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Kissing Sailor

Kissing Sailor - Found at Last

Glenn Edward McDuffie knows why the sailor kissing a white-clad nurse in that famous photo has his wrist bent back in an awkward position. Taken August 14, 1945 in New York City's Times Square moments after the crowd there heard World War II had ended, that photo has epitomized the jubilant mood of a nation who had won our hard fought victory. Glenn knows why that sailor has his wrist twisted because he is that sailor. Glenn had come to New York after coming off the SS Alexander Lillinton with Jack Holmes (from Pittsburg), the sailor in the dark uniform seen laughing in that same photo. Glenn also knows the sailor in the white uniform's name is Bob Little from Buffalo, New York since he also served on the same ship.

Now ready to turn 80 this August 3rd, Glenn wants to celebrate the 62nd anniversary of his kiss of an overjoyed nurse by setting the record straight. Though numerous would-be kissing sailors have tried to lay claim to being the man in the photo, none know what Glenn McDuffie knows because they are not the man in the photo. Glenn not only knows the names and home towns of the only other sailors seen in the photo. He knows why the sailor smooching the nurse has his hand in such an unnatural position. Glenn tells it like this,

"I rode the subway into Times Square, got off, and when I walked up the stairs, a woman at the top said she was so happy for me. I ask hey 'Why?' and she said 'the war is over, you can go home now!' I was so excited I started jumping up and down and hollering because my oldest brother was a Japanese prisoner of war. He was there when the Philippines fell. Then this nurse held out her arms and I just looked up because I thought we were going to get run over. When I saw it was a photographer, I bent my hand back so you could see the lady's face..."

Glenn McDuffie's chivalrous act is the only explanation that makes sense when one views the photo. Not only does Glenn know why the strange hand position and the names of every sailor in the photo, he is the only man claiming to be the "kissing sailor" who has taken and passed a lie detector test on that subject. In fact, Glenn has passed 10 polygraph examinations proving his claims of being the man in the photo are truthful. In September 1980, he took two polygraph examinations administered by Smiths Security Agency for ABC Channel 13 (Houston, TX) at the behest of reporters John Davenport and Marvin Zindler. On February 14, 1981, the took a series of five tests, all by different operators, for F. Lee Baily's syndicated Lie Detector show. Finally, on August 13, 2005, David Raney, Houston's premier polygraph expert tested Glenn, and he passed with flying colors. Raney has a large poster of the famous photo in this lobby, signed by the man he is certain is in the photo: Glenn McDuffie.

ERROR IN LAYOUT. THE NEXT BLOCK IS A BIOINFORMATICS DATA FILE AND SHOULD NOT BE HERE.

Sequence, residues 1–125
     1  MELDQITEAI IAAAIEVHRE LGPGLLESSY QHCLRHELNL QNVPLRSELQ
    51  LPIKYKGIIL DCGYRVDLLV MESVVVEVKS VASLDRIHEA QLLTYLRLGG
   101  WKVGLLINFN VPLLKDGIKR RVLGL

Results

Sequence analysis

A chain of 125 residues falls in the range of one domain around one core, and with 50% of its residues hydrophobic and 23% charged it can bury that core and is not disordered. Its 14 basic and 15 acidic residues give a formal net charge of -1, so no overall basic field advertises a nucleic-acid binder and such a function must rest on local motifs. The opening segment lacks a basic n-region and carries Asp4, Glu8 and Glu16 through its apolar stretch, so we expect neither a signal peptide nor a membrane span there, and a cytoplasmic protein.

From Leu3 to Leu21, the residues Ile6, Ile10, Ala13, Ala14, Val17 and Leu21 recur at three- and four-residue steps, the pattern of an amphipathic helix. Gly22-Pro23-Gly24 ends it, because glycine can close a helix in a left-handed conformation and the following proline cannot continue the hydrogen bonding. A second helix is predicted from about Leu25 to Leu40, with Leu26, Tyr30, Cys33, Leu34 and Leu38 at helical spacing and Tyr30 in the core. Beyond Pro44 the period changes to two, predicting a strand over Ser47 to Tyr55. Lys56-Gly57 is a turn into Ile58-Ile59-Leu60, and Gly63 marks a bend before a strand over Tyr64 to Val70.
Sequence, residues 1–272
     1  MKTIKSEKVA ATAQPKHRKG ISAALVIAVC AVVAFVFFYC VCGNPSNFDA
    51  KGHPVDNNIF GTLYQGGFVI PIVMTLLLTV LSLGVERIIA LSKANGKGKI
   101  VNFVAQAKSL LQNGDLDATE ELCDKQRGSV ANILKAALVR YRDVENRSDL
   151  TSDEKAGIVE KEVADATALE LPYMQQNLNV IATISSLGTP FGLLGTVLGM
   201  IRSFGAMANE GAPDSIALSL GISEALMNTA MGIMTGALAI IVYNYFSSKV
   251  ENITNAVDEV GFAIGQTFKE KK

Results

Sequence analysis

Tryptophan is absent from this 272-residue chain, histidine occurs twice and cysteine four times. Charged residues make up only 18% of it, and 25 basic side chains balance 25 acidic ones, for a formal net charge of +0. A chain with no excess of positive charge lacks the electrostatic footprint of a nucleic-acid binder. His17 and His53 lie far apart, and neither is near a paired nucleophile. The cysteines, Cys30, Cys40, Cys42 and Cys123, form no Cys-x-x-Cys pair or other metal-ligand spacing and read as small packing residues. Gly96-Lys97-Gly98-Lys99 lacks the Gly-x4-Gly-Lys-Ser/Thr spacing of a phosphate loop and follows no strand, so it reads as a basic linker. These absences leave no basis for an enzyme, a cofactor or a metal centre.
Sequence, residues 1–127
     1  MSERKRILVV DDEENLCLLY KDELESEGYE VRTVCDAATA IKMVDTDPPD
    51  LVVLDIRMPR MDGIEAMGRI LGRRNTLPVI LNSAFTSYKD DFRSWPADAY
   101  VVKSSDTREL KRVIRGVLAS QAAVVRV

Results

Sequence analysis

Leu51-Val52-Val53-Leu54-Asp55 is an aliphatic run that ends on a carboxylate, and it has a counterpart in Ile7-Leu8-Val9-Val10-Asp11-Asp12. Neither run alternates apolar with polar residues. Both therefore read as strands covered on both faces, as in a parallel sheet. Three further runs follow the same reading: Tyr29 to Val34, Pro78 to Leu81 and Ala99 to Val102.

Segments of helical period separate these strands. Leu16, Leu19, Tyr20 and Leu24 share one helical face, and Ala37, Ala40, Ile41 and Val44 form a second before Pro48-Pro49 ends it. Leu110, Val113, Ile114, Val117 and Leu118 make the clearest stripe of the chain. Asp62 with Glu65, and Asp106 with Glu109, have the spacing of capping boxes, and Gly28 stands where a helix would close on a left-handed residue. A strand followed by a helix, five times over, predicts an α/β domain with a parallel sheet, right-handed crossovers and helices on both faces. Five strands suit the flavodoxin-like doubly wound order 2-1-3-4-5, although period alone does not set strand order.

Glenn was shipboard in the middle of the Atlantic on August 27, 1945, when the photo of him and the nurse in a jubilant embrace came out in print for the elated American public. Glenn never saw it till years later. During the summer of 1945 he was more worried about whether his brother, Willie Durant McDuffie, would be liberated from the Japanese. Over the years, McDuffie has tolerated men who did not know the names of the other sailors in the photo and who did not pass, or even agree to offers, of lie detector tests, making frivolous claims they were the man in the photo. None of these men even mention the chivalrous bended hand to show the nurse's face. This plausible reason for the pose proves his first hand experience that day.

Glenn will turn 80 this August 3, 2007. He thinks it is only fitting to set the record straight, once and for all.

As a final proof, biometrics expert, Lois Gibson, has made several comparisons of McDuffie now with his photo in New York's Times Square August 1945. Although it is impossible to compare exact poses, even if the photos are taken days apart, Gibson shows that all the features are consistent. She points out that all individuals' noses grow during their entire life since the nose endings consist of cartilage. As shown in the photos of other war vets, the nose will grow about 18% larger and longer from age 20 to age 70. Consistent with this growth, the only difference between Glenn today and at age 80 and Glenn in the 1945 photo is a longer, larger nose.

A video of McDuffie who lives in Houston was taken by Gibson. This video was edited for brevity to three minutes and shown to several detectives at the Houston Police department. These detectives had seen videos and interviewed suspects for decades in an effort to discover if they were lying or telling the truth. All detectives were positive Glenn McDuffie's claims are true. Sergeant D. Silva who has interviewed suspects for 29 years said "... he is absolutely telling the truth" when he viewed Glenn McDuffie's 3 minute video.

Glenn has married, had children, and engaged in several businesses in his long life. He has let others claim they "think" they must be the sailor that day because they were somewhere among the hundreds of thousands of people in New York that day. The only man who knows everything about the photo is a hero who fought for our country and deserves his due. The young nurse held out her arms right after hearing the war was won and Glenn McDuffie delivered a passionate kiss, chivalrously twisting his hand to show a photographer her face. This country owes Glenn some chivalry now.


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